From Anfield to Inchcore
His last challenge truly was a mission impossible, a teenager from Dublin trying to show he was as good as, or better than, someone like Mo Salah.
The task now for Tallaght lad Glen McAuley is more grounded, establishing himself in the team at St Patrick's Athletic and trying to push the Inchicore club high enough in the league table for them to play in Europe next season, the Saints playing under new manager Stephen O'Donnell for the first time tonight, away to Finn Harps.
McAuley (19) admits that, after ending his six-year stay with Liverpool earlier this summer, he's had to set new sights but the forward is convinced he's in the best place to try and make his career move up.
"I had some offers in England but my head wasn't in the right place to stay there, I wanted to be home with my family, back in Ireland, and coming to Pat's felt good right away," says McAuley. "I wanted to be back home, comfortable in my own bed, and Pat's allows me to do that."
The plan was for him to score goals in a red shirt but his vision was of that happening in the colours of Liverpool, not St Pat's. He spent a long time on Merseyside, learned his trade under Steven Gerrard and even, on occasion, training with the first team under Jurgen Klopp.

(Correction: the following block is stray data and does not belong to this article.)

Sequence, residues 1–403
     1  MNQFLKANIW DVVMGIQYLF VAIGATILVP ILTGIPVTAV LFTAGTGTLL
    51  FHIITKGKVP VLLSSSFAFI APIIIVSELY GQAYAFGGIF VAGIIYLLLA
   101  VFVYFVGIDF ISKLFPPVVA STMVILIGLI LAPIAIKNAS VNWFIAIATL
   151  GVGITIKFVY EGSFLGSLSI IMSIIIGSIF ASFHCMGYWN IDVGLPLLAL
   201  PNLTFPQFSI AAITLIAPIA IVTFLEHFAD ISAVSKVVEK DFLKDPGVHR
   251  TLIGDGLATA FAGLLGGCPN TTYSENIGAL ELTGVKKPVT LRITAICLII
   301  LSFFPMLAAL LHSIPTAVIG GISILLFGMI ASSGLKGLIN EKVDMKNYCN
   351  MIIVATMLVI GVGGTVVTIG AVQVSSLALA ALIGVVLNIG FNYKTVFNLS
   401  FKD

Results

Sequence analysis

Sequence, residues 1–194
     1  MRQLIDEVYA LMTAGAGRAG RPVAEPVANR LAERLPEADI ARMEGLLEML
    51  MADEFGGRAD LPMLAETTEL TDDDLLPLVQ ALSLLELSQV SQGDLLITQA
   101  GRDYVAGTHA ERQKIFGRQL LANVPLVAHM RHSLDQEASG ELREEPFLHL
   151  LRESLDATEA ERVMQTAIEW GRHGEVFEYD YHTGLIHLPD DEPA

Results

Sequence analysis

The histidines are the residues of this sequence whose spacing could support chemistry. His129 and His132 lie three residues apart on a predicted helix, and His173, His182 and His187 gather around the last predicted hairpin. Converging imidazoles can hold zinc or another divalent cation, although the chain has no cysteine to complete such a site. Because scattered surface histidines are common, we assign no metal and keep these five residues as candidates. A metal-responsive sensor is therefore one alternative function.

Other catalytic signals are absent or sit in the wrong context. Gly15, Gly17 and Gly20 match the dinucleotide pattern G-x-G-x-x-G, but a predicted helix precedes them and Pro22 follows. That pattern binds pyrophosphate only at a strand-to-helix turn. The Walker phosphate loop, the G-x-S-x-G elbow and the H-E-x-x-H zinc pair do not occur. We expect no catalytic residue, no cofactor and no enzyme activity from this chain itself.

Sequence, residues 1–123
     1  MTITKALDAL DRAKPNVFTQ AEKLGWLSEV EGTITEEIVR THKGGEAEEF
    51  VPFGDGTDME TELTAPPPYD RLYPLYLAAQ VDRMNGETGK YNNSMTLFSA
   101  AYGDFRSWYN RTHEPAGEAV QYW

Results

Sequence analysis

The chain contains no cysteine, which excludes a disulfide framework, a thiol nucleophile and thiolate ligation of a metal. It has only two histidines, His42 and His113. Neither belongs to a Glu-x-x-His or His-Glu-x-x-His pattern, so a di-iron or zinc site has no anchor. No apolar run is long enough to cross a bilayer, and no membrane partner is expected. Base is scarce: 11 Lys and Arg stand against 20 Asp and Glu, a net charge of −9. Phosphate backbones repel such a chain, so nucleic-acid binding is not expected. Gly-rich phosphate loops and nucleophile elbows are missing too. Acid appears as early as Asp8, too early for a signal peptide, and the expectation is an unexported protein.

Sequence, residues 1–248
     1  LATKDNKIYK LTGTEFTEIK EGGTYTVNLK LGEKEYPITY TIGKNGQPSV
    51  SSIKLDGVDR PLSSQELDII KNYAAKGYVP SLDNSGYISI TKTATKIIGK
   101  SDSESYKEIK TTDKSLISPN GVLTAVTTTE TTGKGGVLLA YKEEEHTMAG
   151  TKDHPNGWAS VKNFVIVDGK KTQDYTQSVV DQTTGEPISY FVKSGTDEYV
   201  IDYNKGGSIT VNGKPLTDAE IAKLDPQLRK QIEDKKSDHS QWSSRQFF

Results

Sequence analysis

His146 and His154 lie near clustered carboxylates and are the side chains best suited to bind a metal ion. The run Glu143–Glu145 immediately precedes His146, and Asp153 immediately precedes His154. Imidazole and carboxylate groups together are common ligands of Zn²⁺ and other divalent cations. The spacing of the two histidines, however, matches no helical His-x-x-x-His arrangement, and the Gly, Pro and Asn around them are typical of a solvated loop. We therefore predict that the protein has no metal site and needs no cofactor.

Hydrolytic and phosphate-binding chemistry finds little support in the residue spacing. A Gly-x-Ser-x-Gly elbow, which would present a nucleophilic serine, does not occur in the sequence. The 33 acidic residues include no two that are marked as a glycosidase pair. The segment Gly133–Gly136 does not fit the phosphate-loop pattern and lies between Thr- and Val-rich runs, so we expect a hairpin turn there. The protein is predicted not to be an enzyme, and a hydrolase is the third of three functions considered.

He was schooled in the game with Dublin clubs Cherry Orchard, Crumlin United and St Joseph's Boys, crediting coaches Mick Browne and Jim Crawford in particular with his development, but despite being chased by a number of cross-channel clubs, one training session at Liverpool convinced him to sign.
Initial progress was good, McAuley a regular scorer at U18 level but soon he found that even getting game time with the Reds' U23 side was tough.
"It's frustrating. It's good to be around those players but you're not guaranteed your place, as you have players coming down from the first team, you have Origi, who has scored in a Champions League final, coming down to the U23s," McAuley says.
"You could be named in the starting team with the U23s on a Friday but then a first-team player drops down and you are out of the side, there's nothing you can do about it."
At the end of last season, it was time to leave. "It was a mutual agreement I didn't want to be there any longer as I didn't see myself pushing on and I think they felt the same," he says.
"I feel it's so hard to get though, with the likes of Salah, Firminho and Mane there, no one is getting in front of them up front for Liverpool, I don't think the best players in the world would get in ahead of them at the moment so for an Irish boy of 19 over there, I don't think you have a chance."
Some players struggle with the demands of league football here but McAuley says he was able to drop right in.
"I was in to the team right away and that was the big thing for me, I couldn't do another year with the U23s over there, it's not real football. I learn a lot from the senior pros here, they all know the ins and outs of the league and they work as hard as they can. That's all I can do, work hard."